One notes that by advancing the time point 2 well ahead of time point 3, not only the inactive cells on the active bit line are subjected to an early voltage bias of magnitude |VS/3|, but also the active cell. Thus, some of the switching charge in the active cell is drained away before the sense amplifier has been connected. The magnitude of this effect, which is undesirable since it reduces the read signal, depends on the polarization characteristics of the memory material in the cells and may range from negligible to significant. In the latter case, one may implement a slight modification of the voltage protocol by introducing a voltage shift on the inactive word lines as illustrated in FIGS. 10-13. The leading edge of the shift occurs at time point 0, and the trailing edge coincides with the leading edge of the active bit line voltage shift at time point 2. By precisely controlling the trailing and leading edge shifts at time point 2, the voltage across the non-addressed cells on the active bit line shall rise from zero to a magnitude |VS/3| at time point 0 and remain unchanged at this value until time point 5, i.e. after completion of the read cycle. The time point 2 may now be optimized for the readout process in the active cell, without limitations relating to driving the pre-charge transient in the non-addressed cells. As can be seen from FIGS. 10-13, the voltage across non-addressed cells is always maintained at less than a magnitude |VS/3| in these modified schemes, but 4 voltage levels are now involved on the word lines in the five-level protocols, compared to three levels previously.
Another scheme for circumventing or alleviating the problems relating to parasitic currents in non-addressed cells on active bit lines shall now be described.
For concreteness, refer to, e.g. the four-level timing diagram shown in FIG. 6. The pre-charge scheme described in the above paragraphs implies that the active bit line has been shifted to its read cycle value at time point 2, and ensuing parasitic currents have been significantly reduced by the time the active word line is switched at time point 3. The logic state in the addressed cell is determined by the sense amplifier which records the charge flowing to the bit line during a defined time interval that starts near the time point 3 and stops before the time point 4.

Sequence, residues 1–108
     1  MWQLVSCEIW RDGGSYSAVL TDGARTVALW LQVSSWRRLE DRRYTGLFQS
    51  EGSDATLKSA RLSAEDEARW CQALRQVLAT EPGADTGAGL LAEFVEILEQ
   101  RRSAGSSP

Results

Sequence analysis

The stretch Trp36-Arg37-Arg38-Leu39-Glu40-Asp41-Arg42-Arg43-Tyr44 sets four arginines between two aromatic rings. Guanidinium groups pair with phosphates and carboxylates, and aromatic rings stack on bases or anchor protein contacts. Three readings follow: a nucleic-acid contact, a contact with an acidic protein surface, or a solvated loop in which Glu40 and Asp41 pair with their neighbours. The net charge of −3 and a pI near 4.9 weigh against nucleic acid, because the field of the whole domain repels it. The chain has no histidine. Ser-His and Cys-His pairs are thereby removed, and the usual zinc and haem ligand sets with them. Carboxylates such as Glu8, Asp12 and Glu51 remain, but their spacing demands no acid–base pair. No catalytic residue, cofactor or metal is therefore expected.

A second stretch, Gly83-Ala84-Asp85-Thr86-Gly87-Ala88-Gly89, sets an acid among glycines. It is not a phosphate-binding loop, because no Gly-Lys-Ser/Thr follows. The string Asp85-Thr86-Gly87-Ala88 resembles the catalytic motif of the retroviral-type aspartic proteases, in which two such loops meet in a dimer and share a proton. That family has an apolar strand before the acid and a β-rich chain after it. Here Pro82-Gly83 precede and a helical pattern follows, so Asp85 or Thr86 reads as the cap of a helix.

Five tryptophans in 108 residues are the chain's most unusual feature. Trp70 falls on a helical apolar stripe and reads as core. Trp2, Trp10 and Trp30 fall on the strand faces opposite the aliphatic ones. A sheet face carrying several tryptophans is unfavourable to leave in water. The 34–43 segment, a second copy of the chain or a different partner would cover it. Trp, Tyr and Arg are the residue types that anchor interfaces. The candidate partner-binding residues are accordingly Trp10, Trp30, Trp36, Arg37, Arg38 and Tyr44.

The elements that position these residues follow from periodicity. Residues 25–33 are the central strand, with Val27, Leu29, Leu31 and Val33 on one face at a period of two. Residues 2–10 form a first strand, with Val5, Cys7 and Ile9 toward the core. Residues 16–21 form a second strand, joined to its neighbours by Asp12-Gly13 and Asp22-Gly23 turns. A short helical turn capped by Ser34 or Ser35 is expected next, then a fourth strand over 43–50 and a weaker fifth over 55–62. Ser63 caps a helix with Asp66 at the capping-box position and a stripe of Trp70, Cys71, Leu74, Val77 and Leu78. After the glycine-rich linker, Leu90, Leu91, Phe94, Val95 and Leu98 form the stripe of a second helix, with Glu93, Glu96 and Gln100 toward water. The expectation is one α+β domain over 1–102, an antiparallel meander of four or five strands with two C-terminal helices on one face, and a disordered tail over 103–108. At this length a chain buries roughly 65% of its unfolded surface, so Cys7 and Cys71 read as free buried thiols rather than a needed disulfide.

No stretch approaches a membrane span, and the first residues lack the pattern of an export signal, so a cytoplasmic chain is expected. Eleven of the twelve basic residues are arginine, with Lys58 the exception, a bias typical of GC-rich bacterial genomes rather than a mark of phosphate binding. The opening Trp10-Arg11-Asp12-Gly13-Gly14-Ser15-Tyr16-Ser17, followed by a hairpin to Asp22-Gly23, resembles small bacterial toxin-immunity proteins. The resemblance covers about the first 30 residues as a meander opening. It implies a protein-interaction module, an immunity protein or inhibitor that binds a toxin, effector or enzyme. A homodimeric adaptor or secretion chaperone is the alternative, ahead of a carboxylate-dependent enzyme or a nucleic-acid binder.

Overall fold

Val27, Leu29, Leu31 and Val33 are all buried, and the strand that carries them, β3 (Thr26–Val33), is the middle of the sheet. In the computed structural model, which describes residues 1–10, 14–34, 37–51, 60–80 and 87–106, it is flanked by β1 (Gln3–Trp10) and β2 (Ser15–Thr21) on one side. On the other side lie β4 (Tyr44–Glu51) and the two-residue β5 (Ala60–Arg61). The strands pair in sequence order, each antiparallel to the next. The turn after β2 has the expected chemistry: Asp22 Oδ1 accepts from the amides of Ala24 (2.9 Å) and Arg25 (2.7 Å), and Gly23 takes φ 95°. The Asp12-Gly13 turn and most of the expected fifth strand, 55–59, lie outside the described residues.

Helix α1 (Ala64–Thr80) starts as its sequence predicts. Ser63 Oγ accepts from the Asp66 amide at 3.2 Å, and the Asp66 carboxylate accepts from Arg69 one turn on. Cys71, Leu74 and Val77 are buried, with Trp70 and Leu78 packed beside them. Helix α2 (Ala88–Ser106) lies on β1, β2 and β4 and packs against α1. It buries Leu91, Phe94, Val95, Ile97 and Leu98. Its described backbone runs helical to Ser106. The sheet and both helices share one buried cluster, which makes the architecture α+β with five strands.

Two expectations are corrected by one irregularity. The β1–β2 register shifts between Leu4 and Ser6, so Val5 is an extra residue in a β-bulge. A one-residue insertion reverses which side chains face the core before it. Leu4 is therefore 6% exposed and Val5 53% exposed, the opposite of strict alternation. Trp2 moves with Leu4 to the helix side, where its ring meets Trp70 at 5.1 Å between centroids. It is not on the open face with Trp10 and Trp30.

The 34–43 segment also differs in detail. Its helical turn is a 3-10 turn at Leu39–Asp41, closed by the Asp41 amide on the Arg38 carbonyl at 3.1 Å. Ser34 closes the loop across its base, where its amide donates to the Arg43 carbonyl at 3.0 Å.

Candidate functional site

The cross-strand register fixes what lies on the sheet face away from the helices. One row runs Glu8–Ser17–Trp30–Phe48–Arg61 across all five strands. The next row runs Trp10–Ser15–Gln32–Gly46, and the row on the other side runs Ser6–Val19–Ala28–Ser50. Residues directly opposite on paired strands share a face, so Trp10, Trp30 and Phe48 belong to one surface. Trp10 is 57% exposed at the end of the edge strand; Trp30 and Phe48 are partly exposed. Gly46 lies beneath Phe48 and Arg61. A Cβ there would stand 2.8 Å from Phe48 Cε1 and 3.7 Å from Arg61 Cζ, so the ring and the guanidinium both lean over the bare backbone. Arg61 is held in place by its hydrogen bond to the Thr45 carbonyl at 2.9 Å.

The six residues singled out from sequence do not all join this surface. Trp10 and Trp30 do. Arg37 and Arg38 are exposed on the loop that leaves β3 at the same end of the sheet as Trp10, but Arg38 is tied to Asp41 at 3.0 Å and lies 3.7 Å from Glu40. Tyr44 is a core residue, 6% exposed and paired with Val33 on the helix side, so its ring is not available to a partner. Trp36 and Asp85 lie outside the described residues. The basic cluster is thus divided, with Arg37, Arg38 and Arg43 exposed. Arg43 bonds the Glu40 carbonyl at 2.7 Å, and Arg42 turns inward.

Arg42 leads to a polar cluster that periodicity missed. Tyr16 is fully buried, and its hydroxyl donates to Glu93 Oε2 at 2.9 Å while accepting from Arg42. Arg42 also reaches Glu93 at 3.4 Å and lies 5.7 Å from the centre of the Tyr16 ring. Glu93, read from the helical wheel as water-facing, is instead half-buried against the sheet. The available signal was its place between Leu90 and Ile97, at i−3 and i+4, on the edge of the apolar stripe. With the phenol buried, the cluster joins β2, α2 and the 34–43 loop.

Ideally, such pre-charge schemes shall enable detection of the charge flowing in response to the shifting of the active word line at time point 3, without interference from parasitic currents through cells at inactive word lines. In practice, the parasitic currents may die down slowly and/or have an ohmic (i.e. non-transitory) component such that some parasitic charge is captured by the sense amplifier. Although the magnitude of the parasitic current component flowing through each non-addressed cell on the active bit line may be small, the currents from hundreds or thousands of non-addressed cells on the active bit line may add up to become very significant, corrupting the readout results.
Assuming stable and predictable conditions, such a parasitic contribution may in principle be removed by subtracting a fixed amount of charge from that recorded by the sense amplifier during the reading cycle. In many instances, however, the magnitude and variability of the parasitic contribution makes this inappropriate. Thus, in addition to the manufacturing tolerances for the device, the fatigue and imprint history may vary within wide limits between different cells in the same memory device and even on the same bit line, and the parasitic current may depend strongly upon the device temperature at the time of read-out. In addition, the parasitic current associated with a given non-addressed cell on the active bit line may depend on which logic state it is in. In that case the cumulative parasitic current from all non-addressed cells on the active bit line shall depend on the set of data stored in those cells, which defies prediction.
In order to obtain a true measure of the cumulative parasitic currents in connection with a given read-out event, one may implement a pre-read reference cycle as exemplified in FIG. 14.
The pre-read cycle immediately precedes the read-out cycle and differs from the latter in only one respect, namely that the active word line is not shifted at all. The sense amplifier is activated in precisely the same time slot relative to the bit line voltage shifts as is the case in the subsequent read cycle. Thus, the cumulative charge detected during the pre-read cycle shall correspond very closely to the parasitic current contributions captured during the read cycle, including contributions from the active cell. The detected charge from the pre-read cycle is stored and subtracted from that recorded during the read cycle, yielding the desired net charge from the switching or non-switching transient in the active cell.